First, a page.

The mighty Kasey...
Nobody likes batting ninth.
It’s a little demoralizing to be the last name called when the lineups are announced, and the opposing coach inevitably will holler, “No 9 hitter!” to let his pitcher know that the really dangerous hitters have already come and gone.
Two years ago, when Metamora went 39-1 and won the state championship, Kasey Kanaga, who was only a sophomore, batted ninth.
She didn’t like it.
But Metamora coach Deric Linder kept her there — not because she couldn’t hit, or because he wanted to send her some sort of message.
He kept her at the bottom of the order because that No. 9 spot had a mysterious way of coming up in crucial situations.
Two runners on, two outs in the bottom of the sixth inning of a one-run game. Tying run on third with one out...
Kanaga, more often than not, delivered clutch hits in those moments.
Instead of shouting “No. 9 hitter,” when she came to the plate, opposing coaches paced in the dugout and grunted nervously, “Hey outfielders, be ready!”
Or, the coach would walk to the mound to discuss strategy with his pitcher and catcher.
We could walk her. No, that won’t work, since Krista Polanin and Justine Phillips are the next two hitters...
Oh, all right. We’ll pitch to her. But, be careful!
“Kasey got on base with her speed, but she also drove in some runs that year,” Linder said. “She has more power than you might expect.”
Kanaga, a senior, does not bat ninth anymore. She’s in the leadoff spot now.
Take one look at her stats, and you’ll see why.
.490 batting average, .559 on base percentage, 24 runs scored, 4 triples, 14 stolen bases (in 15 attempts), only 3 strikeouts in 51 at-bats...
“She’s so fun to watch,” said Metamora assistant coach Tara Ballard, who also coached Kanaga on the volleyball team for the past three years. “She’s a great base runner, and she does all the little things well. She is having a great season.”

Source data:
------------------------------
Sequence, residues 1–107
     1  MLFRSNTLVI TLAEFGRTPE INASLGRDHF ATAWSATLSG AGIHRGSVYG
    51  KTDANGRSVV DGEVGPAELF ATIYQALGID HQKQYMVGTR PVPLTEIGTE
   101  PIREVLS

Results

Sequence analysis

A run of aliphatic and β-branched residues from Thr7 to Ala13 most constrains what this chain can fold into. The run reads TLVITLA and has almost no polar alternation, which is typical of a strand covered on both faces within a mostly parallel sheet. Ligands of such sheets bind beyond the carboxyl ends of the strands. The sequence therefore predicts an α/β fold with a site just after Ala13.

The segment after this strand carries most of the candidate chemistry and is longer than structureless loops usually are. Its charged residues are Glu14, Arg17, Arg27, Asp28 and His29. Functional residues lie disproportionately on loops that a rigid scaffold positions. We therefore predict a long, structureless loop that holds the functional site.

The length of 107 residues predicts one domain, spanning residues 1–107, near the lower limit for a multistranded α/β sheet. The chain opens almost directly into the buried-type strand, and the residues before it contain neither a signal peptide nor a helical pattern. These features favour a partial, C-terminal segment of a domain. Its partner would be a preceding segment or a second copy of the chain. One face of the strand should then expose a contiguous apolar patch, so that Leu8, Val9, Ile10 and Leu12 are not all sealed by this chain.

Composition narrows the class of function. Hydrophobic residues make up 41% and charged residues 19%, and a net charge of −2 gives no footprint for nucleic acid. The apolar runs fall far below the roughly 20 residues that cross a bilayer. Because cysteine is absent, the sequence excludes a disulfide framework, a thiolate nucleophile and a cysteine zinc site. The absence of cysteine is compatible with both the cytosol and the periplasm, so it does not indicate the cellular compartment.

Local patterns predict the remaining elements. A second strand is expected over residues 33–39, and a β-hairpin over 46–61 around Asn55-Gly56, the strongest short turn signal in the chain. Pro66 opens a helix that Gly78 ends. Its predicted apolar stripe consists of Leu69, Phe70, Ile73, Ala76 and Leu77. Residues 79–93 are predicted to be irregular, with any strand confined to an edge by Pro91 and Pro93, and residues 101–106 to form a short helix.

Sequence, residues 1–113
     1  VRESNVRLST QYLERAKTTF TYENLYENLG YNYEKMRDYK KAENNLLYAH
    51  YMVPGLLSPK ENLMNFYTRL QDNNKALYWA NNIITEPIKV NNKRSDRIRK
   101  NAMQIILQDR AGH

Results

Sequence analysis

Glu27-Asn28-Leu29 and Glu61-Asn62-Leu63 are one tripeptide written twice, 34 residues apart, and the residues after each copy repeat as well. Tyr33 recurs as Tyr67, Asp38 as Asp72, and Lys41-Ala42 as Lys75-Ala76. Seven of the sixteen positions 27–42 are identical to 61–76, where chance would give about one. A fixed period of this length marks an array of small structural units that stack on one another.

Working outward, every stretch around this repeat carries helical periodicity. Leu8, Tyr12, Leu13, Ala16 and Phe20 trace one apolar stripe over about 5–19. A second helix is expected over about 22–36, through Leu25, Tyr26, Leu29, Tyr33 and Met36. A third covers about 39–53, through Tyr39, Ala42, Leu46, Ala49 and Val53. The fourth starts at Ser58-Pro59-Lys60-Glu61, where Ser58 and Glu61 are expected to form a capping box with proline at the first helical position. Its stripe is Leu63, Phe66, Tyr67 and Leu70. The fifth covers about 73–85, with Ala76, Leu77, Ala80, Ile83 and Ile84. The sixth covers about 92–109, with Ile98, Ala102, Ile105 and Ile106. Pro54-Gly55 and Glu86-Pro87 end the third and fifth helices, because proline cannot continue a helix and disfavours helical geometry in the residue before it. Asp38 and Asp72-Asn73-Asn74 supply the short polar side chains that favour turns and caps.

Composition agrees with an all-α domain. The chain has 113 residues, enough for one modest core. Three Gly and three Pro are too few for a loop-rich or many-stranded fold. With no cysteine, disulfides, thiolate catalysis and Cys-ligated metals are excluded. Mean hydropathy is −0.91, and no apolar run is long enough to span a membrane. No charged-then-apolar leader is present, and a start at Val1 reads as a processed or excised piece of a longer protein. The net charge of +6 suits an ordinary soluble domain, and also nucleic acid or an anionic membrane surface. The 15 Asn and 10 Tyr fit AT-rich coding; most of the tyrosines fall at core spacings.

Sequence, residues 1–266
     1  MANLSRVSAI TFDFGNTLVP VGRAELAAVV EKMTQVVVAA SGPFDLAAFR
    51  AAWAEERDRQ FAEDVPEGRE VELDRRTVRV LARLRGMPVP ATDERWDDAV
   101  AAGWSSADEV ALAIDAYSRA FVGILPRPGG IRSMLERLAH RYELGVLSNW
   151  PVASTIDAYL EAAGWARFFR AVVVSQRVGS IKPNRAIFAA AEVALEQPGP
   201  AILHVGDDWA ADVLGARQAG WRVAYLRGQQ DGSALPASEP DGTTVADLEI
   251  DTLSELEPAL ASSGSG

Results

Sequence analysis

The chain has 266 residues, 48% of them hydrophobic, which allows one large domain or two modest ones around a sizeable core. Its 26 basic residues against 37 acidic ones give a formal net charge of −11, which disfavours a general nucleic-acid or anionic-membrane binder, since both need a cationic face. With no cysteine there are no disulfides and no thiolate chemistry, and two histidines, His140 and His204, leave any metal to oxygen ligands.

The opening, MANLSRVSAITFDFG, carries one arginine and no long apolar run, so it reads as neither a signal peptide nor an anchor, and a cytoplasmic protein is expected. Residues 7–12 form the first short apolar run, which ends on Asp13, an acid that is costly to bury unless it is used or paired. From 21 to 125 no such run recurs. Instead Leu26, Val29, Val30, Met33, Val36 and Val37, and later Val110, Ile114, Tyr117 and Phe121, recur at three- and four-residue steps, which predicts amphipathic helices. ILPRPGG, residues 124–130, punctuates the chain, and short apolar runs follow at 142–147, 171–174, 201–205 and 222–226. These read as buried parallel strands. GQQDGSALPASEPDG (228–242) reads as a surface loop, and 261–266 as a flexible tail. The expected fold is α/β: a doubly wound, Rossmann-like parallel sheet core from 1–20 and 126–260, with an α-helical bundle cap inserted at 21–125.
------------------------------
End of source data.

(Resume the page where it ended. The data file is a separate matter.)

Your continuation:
Ballard said the numbers only tell part of the story.
“Kasey is a fierce competitor. She’ll dive, slide, or do whatever it takes to get the job done,” she said. “She’s also one of our leaders. She’s not afraid to call somebody out. She’ll let her teammates know what’s on her mind. But, it’s always in the best interest of the team. She’s the ultimate team player.”
Ballard remembered many times when Kanaga, even as she was nursing a sore thumb, dove flat out on the volleyball court to get to a ball and save the rally.
Then there are the countless plays Kanaga makes at second base, some of which may get taken for granted.
“I think we take it for granted because we see her make all the plays at second base every day,” Ballard said. “But, not many other second basemen would make those plays. Kasey works very hard on her defense, and it has helped her become one of the best infielders in the area. Once in a while, she’ll make an amazing play that will take your breath away.”
Ballard said Kanaga is all business during a game, but she also has a lighter side.
“She can be really funny,” she said.
When asked to give an example, Ballard said, laughing, “I can’t think of anything that she would want to have in print.”
Longtime summer softball coach Bob Garber, who coached Kanaga since she was 12 years old, said Kanaga’s knowledge of the game, even before she got to the varsity level, was advanced.
“She sees plays develop before they happen. You can’t coach that kind of thing,” he said. “She knows a lot about the game, but she is also very coachable. She’s always trying to get better.”
Garber agreed with Ballard’s assessment that Kanaga would do just about anything to win.
“If we were struggling at the plate, and we really needed to get somebody on base, Kasey would take one in the back,” he said. “She played her heart out every game. As a coach, you love to see that.”